The documentary features NCSA Research Scientist and Astronomy Research Professor Felipe Menanteau and his colleagues from the Dark Energy Survey (DES), an international collaboration dedicated to charting the expansion of our universe. The NCSA, along with Fermilab and the National Optical Astronomy Observatory, are the founding institutions for the Dark Energy Survey. Menanteau and colleagues are using light from distant galaxies to study the distribution of matter in the universe. “When we are looking deep into space, we are essentially looking back in time. We are using the light of distant galaxies to trace the influence of mysterious unseen forces such as dark matter and dark energy to look for clues to what they are,” said Menanteau.

Watch the trailer video:

The NCSA leads data management for the DES project, receiving large volumes of observations over high-speed networks from the telescope in Chile and using the Blue Waters supercomputer and Illinois Campus Cluster Program (ICCP) to review, process and release the data products, with the first public release scheduled for December 2017. The DES project is a pathfinder for the next generation of surveys, the Large Synoptic Survey Telescope, or LSST.

“Astronomers are forging giant new lenses and mirrors, while marshaling vast computational power,” says Thomas Lucas, veteran science producer and CADENS co-investigator. “These technologies are at the center of a historic quest: to peer into the deep recesses of time, to find out how the universe set the stage for galaxies and worlds like ours in an era known as the Cosmic Dawn.” Currently under construction in Chile, the LSST will rapidly survey the entire night sky every two weeks with a field of view almost 40 times the size of the full Moon. These large-scale cosmic surveys can be shared across the world and will revolutionize astronomy.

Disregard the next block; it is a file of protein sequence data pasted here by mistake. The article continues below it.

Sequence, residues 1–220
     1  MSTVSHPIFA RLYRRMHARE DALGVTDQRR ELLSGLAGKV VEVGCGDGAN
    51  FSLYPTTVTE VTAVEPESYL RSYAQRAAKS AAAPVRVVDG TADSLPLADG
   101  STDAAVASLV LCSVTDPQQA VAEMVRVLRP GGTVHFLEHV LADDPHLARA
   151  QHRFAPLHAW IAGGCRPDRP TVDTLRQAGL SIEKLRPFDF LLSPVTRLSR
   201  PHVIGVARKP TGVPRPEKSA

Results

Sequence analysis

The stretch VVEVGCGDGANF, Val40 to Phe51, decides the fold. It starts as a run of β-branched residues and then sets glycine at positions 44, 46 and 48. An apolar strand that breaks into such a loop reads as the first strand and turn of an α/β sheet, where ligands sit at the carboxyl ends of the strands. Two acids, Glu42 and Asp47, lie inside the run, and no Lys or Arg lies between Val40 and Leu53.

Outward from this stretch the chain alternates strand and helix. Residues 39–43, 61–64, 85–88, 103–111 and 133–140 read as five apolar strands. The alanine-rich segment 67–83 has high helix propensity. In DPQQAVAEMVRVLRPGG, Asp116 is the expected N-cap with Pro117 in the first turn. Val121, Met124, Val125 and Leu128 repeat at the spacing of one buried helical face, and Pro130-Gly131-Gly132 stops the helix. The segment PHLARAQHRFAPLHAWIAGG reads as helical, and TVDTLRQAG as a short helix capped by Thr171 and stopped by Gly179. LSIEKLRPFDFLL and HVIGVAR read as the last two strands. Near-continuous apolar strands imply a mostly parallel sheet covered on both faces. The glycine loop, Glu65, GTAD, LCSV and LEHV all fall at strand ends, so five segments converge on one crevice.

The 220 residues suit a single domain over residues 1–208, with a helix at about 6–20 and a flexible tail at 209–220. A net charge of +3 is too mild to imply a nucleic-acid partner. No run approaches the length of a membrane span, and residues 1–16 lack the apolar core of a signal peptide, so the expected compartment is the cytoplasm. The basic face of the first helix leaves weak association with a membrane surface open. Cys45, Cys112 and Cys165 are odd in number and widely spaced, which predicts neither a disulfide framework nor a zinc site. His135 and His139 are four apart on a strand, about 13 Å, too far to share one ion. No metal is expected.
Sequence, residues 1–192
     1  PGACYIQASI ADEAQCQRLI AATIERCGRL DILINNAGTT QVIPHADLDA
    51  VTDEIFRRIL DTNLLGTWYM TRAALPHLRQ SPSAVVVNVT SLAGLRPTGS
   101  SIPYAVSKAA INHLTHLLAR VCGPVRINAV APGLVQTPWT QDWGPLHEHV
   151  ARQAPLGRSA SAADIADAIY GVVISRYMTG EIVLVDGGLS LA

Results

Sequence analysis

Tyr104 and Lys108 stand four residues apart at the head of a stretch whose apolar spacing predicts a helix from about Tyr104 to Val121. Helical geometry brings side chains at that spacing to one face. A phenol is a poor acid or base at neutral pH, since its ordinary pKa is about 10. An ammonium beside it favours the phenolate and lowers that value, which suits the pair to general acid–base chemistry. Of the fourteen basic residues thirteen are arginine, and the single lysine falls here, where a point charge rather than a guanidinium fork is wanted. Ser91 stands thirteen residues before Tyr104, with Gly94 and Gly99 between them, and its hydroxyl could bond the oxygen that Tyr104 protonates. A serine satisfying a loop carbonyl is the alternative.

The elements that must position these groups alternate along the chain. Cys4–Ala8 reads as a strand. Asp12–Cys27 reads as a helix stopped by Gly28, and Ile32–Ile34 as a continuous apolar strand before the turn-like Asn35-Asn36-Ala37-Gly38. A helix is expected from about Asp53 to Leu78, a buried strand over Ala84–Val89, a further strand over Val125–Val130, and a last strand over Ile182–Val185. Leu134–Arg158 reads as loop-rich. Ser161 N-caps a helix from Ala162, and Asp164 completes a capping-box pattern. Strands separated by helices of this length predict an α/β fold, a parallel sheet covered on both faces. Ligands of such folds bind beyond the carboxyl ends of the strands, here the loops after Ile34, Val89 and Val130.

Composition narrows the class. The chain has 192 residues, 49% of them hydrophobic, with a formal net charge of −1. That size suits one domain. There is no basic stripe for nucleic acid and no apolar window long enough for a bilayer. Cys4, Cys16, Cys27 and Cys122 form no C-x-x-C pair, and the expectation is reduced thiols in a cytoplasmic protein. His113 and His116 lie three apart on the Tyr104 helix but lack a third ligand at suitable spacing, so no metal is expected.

“Seeing the Beginning of Time” illuminates the groundbreaking connection between computational big data science and contemporary astronomy.


the gaurdians of the galaxy are literally the five stages of grief.

Starlord: Denial, his mom dies and he leaves earth and doesn’t open her present because he doesn’t want to face the fact that she is dead

Drax the Deystroyer: Anger, his species is naturally angry and since they can’t take things figuratively they are more prone to fighting

Gamora: Bargaining, she bargains with Starlord and the rest of the gaurdians that they can split the profit from the infinity stone

Rocket the Raccoon: Depression, he has many moments in the movie where he shows his true feelings like during the bar fight scene with Drax and Groot

Groot: Acceptance, he is mellow, calm and collected through out the entire movie because he knows his fate and he gladly accepts his death to save the other gaurdians 

Just after the Big Bang: Galaxies created stars a hundred times faster now

A team of astronomers including Carnegie’s Eduardo Bañados and led by Roberto Decarli of the Max Planck Institute for Astronomy has discovered a new kind of galaxy which, although extremely old – formed less than a billion years after the Big Bang – creates stars more than a hundred times faster than our own Milky Way.

Their findings are published by Nature.

The team’s discovery could help solve a cosmic puzzle – a mysterious population of surprisingly massive galaxies from when the universe was only about 10 percent of its current age.

Keep reading